Social media and technology are inherently unpredictable fields. Nevertheless, Social Chain Group CEO, Steven Bartlett, has found it his responsibility to shareholders, investors, employees, colleagues, clients and an audience of over 600K to predict the unpredictable. But how do you predict the unpredictable? In Episode 008 of Social Minds (Social Chain's Podcast), Steven gives a candid insight into how he navigates constant shifts, the state of social media - following a scandalous year - and the importance of finding optimism in innovation.
“If it’s true that I am able to see better things in the future where others can’t, it’s probably because I’m really unromantic about where I am now; I’m unattached to the now and I’m excited about being first somewhere else.”
Whether it’s AI, AR or VR, Steve insists predicting the next big thing boils down to common sense. Anticipating innovation, to him, simply means trying to see what better would look like. Whatever is a better alternative to what already exists, based on a number of factors, is the future. And where others may cower from innovation, Steve understands that better always wins – whether you want it to or not.
Take UBER for example. The reason UBER saw enormous success and worldwide adoption is because it solved problems that its competitors had not. Its service was far more convenient than making a phone call and making sure you had cash out ready to count and pay with at the end of your trip. But where most would view UBER as peak innovation in its field, Steve can see room for improvement still.
“We have to decide what improvement means to us, but there is always room for improvement. I’d much rather call an UBER just by thinking about it; if you look at the work Elon Musk is doing with Neuralink you’ll see that it’s possible.”
Elon Musk’s work with Neuralink – essentially a brain-computer – may sound like science fiction to us, but Steve is quick to remind us that we’re already living in the future – our grandparent’s future. Sometimes technology’s likeness to apocalyptic television and film is enough to scare the majority of people away from unleashing its full capability because the average consumer has an idealistic view of what they think the future should look like. For instance, if we were told artificial intelligence could one day replace our job, we’d reject the idea because, unlike Steve, most of us remain attached to the way things are now. But as time has proven time and again, better always beats that.
However, one thing he never predicted was the dark side social media has revealed itself to have. Sometimes innovation comes at a cost; the revelation that social media is having a profound impact on young people’s mental health is an issue growing more prominent by the day.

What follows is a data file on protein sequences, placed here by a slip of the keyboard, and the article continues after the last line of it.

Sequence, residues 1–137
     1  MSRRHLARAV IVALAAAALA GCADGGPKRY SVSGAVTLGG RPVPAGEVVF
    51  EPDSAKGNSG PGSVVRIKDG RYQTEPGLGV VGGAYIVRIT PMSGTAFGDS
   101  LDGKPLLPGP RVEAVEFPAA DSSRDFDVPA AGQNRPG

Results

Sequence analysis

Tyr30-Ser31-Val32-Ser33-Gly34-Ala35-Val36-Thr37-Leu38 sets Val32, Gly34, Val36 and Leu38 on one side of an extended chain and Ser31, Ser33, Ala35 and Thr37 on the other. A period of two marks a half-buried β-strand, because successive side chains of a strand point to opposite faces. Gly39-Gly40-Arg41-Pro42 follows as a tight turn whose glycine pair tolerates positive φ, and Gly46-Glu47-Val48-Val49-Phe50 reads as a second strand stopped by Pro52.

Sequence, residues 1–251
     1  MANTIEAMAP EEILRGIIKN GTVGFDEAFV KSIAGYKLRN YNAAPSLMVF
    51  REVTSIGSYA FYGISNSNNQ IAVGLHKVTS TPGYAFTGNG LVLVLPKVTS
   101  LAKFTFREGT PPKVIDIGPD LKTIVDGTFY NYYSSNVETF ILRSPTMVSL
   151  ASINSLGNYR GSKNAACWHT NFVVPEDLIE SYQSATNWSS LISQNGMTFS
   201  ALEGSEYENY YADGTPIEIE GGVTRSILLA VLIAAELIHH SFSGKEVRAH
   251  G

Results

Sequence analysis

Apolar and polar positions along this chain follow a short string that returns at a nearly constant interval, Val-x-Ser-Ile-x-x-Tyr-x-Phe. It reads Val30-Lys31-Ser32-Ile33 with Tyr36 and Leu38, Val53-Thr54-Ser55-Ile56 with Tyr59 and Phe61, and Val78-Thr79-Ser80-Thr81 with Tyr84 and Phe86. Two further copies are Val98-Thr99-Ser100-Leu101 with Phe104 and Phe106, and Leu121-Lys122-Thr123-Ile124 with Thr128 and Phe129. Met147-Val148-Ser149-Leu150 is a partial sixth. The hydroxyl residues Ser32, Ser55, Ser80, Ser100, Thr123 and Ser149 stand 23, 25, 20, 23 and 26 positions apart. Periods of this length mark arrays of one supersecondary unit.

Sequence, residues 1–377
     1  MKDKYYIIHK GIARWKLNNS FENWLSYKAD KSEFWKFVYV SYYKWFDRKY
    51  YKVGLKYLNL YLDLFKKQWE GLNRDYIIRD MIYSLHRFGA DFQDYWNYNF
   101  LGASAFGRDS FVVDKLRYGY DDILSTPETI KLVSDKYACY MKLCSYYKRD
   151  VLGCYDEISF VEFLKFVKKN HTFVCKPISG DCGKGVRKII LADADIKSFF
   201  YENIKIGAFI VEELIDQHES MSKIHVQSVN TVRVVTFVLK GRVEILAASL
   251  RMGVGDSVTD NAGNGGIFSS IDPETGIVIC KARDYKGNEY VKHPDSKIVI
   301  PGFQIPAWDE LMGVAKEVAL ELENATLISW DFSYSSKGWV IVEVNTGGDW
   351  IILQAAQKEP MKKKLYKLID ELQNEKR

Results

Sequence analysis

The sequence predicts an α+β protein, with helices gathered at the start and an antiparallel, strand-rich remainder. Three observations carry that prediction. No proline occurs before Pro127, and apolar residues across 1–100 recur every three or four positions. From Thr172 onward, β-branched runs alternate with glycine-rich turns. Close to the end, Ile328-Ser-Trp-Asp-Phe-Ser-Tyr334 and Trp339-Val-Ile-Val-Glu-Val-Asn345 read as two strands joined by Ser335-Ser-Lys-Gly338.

“Social media is described as anything that connects us – but really it’s a disconnection. Look at the data from the last 10 years – we’ve become fundamentally disconnected because of technology.”
Steve says he never envisaged it taking this turn because, initially, social media felt like something that was accommodating genuine intimate connections. When we FaceTime a relative on the other side of the world, it feels meaningful and special because ordinarily, we wouldn’t have that chance. But while on the surface it may feel like we’re in the room with them, in reality, we’re often alone, tapping a piece of glass.
He goes on to say that, in hindsight, it was always going to happen that way; every early innovation has come with dramatic side-effects for the well-being of the world. Look at petrol or human labour. Every time, we begin with initial assumptions on how something will go and, as time goes on, we learn more about our creation for better or worse. As with every innovation born imperfectly, social media is something we can continue to improve on and constantly strive to learn from our past mistakes.
Steve also understands the role he must play in improving social media and educating on its correlation to our mental health, having given hundreds of lectures on the topic. But where some might find his open critique hypocritical, Steve insists there is no one better placed to bring change than someone working in the epicentre of the action.
“Whenever something’s broken you can run away and disassociate from it or you can try and fix it from the inside.”
And what is Steve’s biggest concern? Those who seek to ‘meddle’ with innovation and end up censoring a beautiful thing out of fear rather than fixing it. This year has been a turbulent one for technology; scandal after scandal has inspired fearmongering in the mainstream media and, as a result, our governments now seek to regulate the platforms despite not fully understanding them – something Steve says would be a catastrophic mistake, because interfering with what you don’t understand could have the most damaging effects of all. To hear Steve’s candid account of the state of social media in full, watch Episode 008 of Social Minds below.
This was taken from Social Minds, the UK’s first dedicated social media marketing podcast, brought to you by Social Chain. With each new episode, we cut through the BS to deliver you hard-hitting truths and unforgiving industry insights – exposing the shocking realities of how social media is affecting us in the here and now. To earn your thought-leader status,
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